September 18, 2014 | Share
Divorce and Deportation: How divorce can affect immigration status
The Center for Immigration Studies estimates that approximately 400,000 U.S. citizens marry foreign nationals every year. The foreign nationals go through an immigration process that begins with a Visa petition to travel to the U.S. Once married, they are granted a green card with a conditional permanent residence status. After two years, they can file a joint petition with their spouse to have the conditions removed so that they are permanent residents, the last step before applying for U. S. citizenship. But what happens if the couple divorces before the foreign-born spouse becomes a U.S. citizen, or even before he or she obtains permanent residency?
Although the U.S. Citizenship and Immigration Services (USCIS) critically reviews the immigration history of an applicant to determine that their marriage was not for the sole purpose of obtaining U.S. residency, a foreign national who divorces prior to even being granted a green card is not necessarily without hope. Collin County divorce attorneys advise that the foreign-born spouse can be granted a conditional permanent residence status--a green card--by filing a waiver of termination (of the application process, which would otherwise be automatically terminated by the divorce of the parties). The waiver must be accompanied by proof that the marriage was valid, and/or that returning to the foreign national's country of origin would cause him/her extreme suffering and hardship, or that he/she suffered extreme cruelty or abuse by the U.S. citizen.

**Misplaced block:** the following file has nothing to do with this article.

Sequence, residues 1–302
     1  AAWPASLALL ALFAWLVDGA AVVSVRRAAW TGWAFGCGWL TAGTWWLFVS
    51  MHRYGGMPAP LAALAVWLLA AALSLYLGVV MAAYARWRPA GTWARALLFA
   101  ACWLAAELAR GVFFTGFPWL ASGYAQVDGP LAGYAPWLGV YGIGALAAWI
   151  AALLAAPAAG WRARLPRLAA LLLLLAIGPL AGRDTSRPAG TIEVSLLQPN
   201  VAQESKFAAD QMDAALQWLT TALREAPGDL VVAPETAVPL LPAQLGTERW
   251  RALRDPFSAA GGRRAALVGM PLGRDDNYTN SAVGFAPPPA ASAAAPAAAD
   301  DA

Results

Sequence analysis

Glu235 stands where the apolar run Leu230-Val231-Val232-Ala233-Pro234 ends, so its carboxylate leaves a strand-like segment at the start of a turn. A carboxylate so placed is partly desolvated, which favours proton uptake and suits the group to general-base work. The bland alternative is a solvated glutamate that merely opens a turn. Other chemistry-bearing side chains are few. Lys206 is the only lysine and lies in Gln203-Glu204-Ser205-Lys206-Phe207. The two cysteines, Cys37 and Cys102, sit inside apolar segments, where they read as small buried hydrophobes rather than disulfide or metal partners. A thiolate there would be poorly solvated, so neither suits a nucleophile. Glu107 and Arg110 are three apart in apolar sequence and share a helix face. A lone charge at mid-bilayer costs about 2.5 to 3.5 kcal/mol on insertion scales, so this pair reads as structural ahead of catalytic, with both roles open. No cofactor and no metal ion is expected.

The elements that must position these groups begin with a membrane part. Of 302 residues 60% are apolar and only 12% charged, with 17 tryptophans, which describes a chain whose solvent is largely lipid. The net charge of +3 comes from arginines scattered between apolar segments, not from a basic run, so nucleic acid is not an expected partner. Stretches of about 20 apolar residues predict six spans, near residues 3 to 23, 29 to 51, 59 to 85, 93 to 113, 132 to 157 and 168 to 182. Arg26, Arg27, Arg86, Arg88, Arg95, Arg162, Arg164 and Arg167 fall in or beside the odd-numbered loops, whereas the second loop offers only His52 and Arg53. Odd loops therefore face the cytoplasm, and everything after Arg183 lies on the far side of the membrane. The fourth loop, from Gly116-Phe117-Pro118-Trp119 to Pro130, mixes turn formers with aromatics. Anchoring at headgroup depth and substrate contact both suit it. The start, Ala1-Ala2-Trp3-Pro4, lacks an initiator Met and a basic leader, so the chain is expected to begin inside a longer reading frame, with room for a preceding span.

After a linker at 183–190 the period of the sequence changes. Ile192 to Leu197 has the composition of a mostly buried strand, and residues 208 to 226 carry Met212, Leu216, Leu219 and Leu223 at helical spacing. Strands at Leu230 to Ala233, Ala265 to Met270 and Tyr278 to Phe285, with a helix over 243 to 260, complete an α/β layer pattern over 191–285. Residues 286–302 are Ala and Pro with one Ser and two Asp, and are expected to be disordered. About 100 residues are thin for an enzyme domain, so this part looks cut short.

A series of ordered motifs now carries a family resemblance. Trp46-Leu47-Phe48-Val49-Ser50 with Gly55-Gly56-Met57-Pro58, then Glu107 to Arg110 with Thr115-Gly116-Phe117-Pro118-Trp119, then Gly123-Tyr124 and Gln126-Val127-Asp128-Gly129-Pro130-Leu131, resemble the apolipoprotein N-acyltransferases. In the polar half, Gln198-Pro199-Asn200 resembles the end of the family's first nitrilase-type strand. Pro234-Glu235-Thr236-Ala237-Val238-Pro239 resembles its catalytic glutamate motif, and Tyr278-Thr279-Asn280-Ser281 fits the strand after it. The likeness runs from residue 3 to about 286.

If the foreign national already has a green card which confers a conditional permanent residence status, the next step in the immigration process is to obtain an unconditional permanent residence status. Absent a divorce, a couple files a joint petition to remove the conditional nature of the residence status. If divorced, a foreign national must file the petition on his/her own. As with the petition for waiver, Collin County divorce attorneys caution that USCIS will most likely require proof that the marriage was valid before allowing the foreign national to proceed to the next stage along the path to citizenship. Alternatively, showing proof of extreme suffering or hardship upon return to his/her country of origin and/or showing proof of cruelty suffered at the hands of the citizen spouse are again factors that argue in favor of granting the petition.
Once a foreign national has unconditional permanent residence, the only effect a divorce has upon their immigration status would be a possible delay in obtaining U.S. citizenship; i.e the process may take a little longer. Citizenship will, however, be attainable, unless some factor other than the divorce intervenes.
Residence in the U.S. through marriage can be risky. But as long as the residence is not the reason for the marriage, a divorce need not result in deportation. Getting the right legal help can make all the difference. Contact Nordhaus Walpole, PLLC, and our Collin County divorce attorneys to assist you with your immigration and divorce issues.
Categories: Family Law & Divorce